When the army refused, the Court of Appeal rejected the claim for associative discrimination due to the lack of ‘reasonable adjustment’ to relocate her, as the duty to provide reasonable adjustments only applies when the worker is disabled, not someone associated with them. The Supreme Court has refused to refer this to the European Court of Justice (ECJ) as Coleman already made the EU position clear on this matter.
Thomson v London Central Bus
In this case, the claimant argued that action taken against him by the employer was really because of complaints about racism made by other members of his union. So, this was victimisation by association, because of a protected act by someone else associated with him.
The ECJ rules that this was covered by the Equality Act 2010 as the key issue was not how far there was some association but more to do with whether the claimant was subjected to a detriment because of the protected act.
CHEZ v Komisia za zashtita ot diskriminattsia
In CHEZ v Komisia za zashtita ot diskriminattsia the ECJ agreed that there was a valid claim for direct or indirect discrimination by association against a woman when an electricity company placed electricity meters too high up to read in districts inhabited mainly by persons of Roma origin. This was notwithstanding that the claimant was not Roma herself but lived in such a district.
It must be a person that is discriminated against rather than a message in order to succeed in a discrimination by association claim.
Lee v Ashers Baking
In this case, the Supreme Court held that rejecting a message on a cake saying ‘support gay marriage’ because the baker’s religious belief did not allow for this, was not an objection or discrimination against a particular person only to promote a particular message and so was not discrimination by association. The Supreme Court said it is not enough that the reason for the less favourable treatment had something to do with the sexual orientation of some people.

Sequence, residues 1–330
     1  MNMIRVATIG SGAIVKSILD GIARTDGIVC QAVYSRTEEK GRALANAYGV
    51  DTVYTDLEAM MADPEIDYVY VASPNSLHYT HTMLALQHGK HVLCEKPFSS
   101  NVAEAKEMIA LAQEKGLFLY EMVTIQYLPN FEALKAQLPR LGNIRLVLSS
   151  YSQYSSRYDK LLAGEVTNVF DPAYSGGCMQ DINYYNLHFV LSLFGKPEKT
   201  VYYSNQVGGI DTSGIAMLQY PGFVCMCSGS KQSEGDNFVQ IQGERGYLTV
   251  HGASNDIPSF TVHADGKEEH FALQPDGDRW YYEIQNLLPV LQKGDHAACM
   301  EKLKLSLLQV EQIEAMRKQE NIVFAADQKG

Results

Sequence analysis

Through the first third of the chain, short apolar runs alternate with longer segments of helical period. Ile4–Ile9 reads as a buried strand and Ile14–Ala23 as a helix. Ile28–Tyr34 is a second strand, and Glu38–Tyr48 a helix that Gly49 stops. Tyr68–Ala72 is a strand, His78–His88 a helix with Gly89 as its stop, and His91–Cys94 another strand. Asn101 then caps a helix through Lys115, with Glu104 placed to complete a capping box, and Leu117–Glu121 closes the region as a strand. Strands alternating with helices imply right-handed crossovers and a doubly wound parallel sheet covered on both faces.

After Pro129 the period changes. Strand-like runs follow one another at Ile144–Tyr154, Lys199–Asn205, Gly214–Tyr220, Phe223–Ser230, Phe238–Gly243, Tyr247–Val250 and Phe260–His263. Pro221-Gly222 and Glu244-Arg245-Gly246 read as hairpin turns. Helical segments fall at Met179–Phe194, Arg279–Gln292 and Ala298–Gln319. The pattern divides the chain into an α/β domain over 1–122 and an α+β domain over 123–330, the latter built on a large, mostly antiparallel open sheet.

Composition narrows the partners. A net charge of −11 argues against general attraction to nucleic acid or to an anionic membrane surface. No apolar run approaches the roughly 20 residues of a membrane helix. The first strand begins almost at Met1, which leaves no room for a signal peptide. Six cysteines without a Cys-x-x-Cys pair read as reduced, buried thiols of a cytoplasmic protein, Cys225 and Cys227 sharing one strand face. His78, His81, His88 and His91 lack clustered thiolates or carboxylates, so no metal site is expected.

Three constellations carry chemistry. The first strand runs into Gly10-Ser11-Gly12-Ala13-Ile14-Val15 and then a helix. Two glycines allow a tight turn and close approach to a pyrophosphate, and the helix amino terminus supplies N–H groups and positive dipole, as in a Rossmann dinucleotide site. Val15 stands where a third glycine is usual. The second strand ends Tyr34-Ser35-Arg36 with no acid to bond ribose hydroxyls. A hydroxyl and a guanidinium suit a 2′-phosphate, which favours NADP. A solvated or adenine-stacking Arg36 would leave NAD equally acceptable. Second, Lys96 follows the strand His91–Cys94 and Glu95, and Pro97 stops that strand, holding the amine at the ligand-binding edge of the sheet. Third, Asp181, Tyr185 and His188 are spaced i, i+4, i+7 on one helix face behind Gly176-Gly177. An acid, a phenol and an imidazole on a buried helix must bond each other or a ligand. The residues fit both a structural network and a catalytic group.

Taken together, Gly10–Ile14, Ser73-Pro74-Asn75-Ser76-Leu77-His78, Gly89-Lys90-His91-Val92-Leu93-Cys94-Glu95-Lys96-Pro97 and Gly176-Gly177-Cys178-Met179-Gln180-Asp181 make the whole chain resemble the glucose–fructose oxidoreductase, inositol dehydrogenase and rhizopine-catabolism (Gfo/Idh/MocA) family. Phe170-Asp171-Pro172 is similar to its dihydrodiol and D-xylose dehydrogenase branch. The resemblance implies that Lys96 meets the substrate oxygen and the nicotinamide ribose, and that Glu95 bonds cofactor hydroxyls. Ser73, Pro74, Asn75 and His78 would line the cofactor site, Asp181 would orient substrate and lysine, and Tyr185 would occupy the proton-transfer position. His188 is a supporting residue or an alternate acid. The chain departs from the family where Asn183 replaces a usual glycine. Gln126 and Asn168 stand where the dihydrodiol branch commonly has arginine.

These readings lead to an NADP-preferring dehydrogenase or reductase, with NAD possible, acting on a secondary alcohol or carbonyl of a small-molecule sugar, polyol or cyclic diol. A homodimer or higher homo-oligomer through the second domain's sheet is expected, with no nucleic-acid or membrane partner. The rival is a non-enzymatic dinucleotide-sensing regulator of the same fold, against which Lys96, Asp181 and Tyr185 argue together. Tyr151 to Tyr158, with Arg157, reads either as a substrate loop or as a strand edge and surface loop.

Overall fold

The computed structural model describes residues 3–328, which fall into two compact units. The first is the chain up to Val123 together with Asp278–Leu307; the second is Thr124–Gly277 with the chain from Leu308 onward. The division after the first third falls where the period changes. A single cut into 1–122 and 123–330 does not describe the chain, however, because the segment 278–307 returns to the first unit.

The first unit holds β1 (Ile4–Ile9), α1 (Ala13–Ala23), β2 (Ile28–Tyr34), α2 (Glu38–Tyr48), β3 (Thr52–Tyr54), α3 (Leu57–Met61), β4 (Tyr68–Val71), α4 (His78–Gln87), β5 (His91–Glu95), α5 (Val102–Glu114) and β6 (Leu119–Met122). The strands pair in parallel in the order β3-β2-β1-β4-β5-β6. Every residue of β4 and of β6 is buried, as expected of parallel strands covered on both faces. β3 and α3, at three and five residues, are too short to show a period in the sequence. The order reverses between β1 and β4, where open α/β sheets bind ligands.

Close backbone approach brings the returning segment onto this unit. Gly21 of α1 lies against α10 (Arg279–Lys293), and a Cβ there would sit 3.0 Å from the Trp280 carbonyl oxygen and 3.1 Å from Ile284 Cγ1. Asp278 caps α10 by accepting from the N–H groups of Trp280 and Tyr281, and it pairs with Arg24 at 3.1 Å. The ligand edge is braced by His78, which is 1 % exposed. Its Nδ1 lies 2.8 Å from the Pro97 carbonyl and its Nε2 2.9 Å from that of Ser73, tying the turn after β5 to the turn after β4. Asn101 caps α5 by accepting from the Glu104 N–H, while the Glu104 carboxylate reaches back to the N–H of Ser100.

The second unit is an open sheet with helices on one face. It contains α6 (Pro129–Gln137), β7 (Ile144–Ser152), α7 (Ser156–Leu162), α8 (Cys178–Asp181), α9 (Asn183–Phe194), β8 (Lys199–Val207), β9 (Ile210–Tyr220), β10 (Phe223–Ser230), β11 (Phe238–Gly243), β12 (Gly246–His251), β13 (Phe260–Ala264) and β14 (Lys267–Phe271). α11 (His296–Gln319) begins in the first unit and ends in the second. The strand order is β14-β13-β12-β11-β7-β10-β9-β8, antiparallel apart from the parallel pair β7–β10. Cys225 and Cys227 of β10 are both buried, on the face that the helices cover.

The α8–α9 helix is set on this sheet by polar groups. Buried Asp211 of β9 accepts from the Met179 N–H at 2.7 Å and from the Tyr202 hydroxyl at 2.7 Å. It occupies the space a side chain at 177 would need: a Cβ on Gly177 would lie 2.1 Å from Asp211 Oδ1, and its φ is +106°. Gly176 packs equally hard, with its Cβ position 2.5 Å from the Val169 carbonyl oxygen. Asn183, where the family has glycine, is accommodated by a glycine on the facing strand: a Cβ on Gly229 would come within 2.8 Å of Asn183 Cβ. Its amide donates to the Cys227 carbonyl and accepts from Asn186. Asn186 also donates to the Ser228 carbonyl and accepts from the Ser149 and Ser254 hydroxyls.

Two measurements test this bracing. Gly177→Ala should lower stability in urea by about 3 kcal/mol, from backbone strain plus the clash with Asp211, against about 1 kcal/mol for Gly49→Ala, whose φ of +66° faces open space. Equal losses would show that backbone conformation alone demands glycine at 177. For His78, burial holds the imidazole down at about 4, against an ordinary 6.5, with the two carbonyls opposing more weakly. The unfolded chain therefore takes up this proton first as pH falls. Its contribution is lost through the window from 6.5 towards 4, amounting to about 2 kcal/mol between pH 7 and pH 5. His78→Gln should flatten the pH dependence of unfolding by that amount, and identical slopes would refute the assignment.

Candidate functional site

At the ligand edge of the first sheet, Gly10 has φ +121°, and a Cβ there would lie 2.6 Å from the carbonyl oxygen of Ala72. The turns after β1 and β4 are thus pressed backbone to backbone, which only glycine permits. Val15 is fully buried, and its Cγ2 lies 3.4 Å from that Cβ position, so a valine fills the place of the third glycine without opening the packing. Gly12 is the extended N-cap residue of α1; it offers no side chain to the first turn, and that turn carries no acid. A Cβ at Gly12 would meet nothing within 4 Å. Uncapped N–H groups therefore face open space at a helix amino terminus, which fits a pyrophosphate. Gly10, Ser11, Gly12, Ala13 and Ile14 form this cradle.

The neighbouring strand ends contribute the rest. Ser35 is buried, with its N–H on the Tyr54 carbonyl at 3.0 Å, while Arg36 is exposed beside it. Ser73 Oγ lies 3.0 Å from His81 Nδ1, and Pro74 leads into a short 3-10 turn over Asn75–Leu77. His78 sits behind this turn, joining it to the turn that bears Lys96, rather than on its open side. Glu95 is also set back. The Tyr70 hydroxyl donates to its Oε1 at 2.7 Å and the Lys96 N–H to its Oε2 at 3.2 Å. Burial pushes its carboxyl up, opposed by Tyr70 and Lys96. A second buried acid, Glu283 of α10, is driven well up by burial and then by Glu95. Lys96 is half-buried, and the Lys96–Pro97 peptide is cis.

McCorry and Others as the committee of the Ardoyne Association v McKeith
This was not the case in McCorry and Others as the committee of the Ardoyne Association v McKeith where the claimant was made redundant and it was ruled by the tribunal that she was selected for redundancy because management took the view that her place was at home with her disabled daughter instead of a friends taking care of her daughter for her, which was direct discrimination by association.
Perrot v Department for Work and Pensions
In Perrot v Department for Work and Pensions, a claim for direct discrimination by association failed, because holiday entitlement did not accrue during special unpaid leave to care for the claimant’s disabled sister, but neither would it accrue for special unpaid leave for any other reason. Therefore, there was no unfavourable treatment because of the claimant’s daughter’s disability.
Where the claimant has been absent, if the employer would treat someone in the same way who was absent to the same extent for a reason not involving a disabled person, there is not likely to be a claim for direct discrimination by association.
What practical steps can you take to avoid the possibility of discrimination by association?
As many employees prefer to keep their home and family life private, what can seem to be innocuous workplace banter, could impact employees more than others realise. If an employee does not have a protected characteristic themselves, it is difficult to establish whether a comment or action will cause offence if you are not aware of their other personal circumstances and protected characteristics of those they are associated with, yet as seen above this could give rise to a claim for discrimination by association.
To eradicate or at least minimise discrimination in the workplace you should ensure that all employees (not just managers and HR) are trained and discrimination by association is covered. All employees should be fully aware of the business’ anti-discrimination policies and their contents, which should be thorough and up to date. If you require any assistance in reviewing or drafting an equality policy, bullying or harassment policies, or want advice about diversity training, please contact our specialist employment solicitors.